Heel pain is one of the most common forms of foot pain in adults. It often occurs as a result of daily activities and exercise. The heel bone (calcaneus) is the largest bone in the foot and the heel is the first part of the foot to contact the ground during walking.
Normally, as the foot absorbs the weight of the body during walking, the arch area joint locking mechanism provides about 80% of the stability of the foot. The other 20% of biomechanical stability is provided by the plantar fascia and muscles, tendons, and ligaments.
Gait abnormalities can cause inflammation of the structures attached to the heel bone, resulting in heel pain. Inflammation of the plantar fascia, called plantar fasciitis, is the most common cause of heel pain. Many patients with plantar fasciitis have a heel spur on the front and bottom of their heel, but heel spurs do not cause pain. The common name is “heel spur” because it’s easier to pronounce than “plantar fasciitis” and podiatrists are able to point to the spur on an x-ray. Causes of heel pain include inadequate flexibility in the calf muscles, lack of arch support, being overweight, suddenly increasing activity, and spending too much time on the feet.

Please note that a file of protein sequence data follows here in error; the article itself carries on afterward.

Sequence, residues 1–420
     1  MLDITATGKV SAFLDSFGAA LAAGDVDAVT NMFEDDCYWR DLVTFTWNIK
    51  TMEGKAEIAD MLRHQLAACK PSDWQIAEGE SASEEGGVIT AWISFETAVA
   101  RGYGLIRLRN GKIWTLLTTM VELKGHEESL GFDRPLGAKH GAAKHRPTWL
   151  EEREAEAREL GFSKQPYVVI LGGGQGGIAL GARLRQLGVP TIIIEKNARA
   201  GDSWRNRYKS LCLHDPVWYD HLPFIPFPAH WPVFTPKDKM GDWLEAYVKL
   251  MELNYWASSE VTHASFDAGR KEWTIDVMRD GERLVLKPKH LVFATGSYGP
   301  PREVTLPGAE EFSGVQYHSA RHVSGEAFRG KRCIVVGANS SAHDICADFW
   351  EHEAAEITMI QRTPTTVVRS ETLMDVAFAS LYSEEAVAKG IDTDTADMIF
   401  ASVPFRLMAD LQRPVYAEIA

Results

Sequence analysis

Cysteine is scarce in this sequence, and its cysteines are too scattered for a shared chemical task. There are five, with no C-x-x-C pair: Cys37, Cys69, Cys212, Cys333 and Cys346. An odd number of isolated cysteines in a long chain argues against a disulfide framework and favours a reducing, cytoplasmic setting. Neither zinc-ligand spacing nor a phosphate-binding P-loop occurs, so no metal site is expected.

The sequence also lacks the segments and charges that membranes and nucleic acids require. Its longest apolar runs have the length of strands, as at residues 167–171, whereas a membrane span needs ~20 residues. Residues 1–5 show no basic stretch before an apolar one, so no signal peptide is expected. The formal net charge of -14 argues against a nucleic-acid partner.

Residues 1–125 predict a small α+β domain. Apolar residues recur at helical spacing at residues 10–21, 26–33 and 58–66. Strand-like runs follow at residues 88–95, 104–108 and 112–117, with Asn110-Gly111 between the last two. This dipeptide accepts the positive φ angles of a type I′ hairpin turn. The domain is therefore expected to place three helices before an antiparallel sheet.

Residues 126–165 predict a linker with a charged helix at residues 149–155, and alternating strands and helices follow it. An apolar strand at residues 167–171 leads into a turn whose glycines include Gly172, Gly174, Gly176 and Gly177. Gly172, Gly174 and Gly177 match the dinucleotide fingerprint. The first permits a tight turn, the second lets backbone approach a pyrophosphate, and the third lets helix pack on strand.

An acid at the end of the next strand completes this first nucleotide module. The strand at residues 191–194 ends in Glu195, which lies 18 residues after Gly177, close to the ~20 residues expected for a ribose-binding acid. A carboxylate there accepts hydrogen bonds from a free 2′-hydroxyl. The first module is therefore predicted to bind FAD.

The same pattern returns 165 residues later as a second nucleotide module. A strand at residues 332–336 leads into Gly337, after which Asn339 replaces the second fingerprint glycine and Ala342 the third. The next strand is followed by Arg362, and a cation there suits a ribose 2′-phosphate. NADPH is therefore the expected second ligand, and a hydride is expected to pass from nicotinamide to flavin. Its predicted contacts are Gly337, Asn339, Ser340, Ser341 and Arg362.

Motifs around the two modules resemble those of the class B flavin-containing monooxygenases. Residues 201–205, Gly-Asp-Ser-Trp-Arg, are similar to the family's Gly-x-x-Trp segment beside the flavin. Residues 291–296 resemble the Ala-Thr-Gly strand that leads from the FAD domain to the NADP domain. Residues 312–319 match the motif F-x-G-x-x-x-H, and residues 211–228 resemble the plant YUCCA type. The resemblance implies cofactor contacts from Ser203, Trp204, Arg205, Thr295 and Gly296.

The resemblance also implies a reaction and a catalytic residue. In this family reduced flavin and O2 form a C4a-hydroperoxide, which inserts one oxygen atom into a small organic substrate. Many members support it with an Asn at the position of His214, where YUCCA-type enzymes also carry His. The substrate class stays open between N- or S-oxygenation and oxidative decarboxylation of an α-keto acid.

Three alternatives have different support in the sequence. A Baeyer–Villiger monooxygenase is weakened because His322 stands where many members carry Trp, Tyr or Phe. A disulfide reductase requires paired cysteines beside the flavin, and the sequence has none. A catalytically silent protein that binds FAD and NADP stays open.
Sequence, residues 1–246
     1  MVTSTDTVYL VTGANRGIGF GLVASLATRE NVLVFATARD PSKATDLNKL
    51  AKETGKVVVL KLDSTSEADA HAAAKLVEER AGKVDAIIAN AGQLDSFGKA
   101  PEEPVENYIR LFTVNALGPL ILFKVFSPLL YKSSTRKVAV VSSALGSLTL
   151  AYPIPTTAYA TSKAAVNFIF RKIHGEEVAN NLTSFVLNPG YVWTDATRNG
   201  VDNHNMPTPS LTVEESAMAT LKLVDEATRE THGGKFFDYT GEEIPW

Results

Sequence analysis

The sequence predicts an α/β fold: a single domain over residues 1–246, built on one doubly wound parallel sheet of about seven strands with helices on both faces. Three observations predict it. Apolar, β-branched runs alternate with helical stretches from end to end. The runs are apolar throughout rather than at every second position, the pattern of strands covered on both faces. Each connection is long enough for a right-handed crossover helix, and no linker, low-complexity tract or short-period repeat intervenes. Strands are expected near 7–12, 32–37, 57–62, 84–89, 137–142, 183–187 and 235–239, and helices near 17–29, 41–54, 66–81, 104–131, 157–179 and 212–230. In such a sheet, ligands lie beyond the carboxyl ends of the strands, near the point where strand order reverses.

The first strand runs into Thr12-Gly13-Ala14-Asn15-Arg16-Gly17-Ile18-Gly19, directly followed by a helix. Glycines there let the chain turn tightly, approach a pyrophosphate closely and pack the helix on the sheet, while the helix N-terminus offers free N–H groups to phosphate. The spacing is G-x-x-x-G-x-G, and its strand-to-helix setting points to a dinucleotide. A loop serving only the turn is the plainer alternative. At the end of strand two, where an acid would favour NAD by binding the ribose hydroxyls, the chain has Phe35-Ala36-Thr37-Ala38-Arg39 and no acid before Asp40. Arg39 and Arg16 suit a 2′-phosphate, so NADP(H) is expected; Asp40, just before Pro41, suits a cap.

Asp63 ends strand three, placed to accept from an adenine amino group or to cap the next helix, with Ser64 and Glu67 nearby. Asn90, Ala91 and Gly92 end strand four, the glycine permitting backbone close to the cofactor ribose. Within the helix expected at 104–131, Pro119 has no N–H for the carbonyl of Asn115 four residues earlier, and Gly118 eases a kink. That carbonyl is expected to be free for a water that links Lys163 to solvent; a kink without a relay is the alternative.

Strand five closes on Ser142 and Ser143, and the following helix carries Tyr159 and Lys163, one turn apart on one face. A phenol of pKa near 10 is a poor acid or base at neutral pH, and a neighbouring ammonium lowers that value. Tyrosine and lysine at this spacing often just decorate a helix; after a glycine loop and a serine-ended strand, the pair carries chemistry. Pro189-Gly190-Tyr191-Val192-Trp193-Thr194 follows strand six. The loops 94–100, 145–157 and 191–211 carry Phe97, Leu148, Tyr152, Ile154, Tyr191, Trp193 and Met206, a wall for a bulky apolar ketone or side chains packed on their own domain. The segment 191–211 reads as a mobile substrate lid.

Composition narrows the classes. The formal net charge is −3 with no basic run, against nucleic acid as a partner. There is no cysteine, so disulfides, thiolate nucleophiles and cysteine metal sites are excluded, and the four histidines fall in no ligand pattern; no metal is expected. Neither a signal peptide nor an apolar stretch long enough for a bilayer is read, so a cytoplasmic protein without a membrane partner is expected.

Sometimes, muscle strain and tension pull at the origin site on the bottom surface of the heel bone producing an inflammatory response that begins making new bone. This interim condition is called periostitis. The forming bone spur grows forward in the direction of this pulling. A heel spur can irritate nerves and cause pain.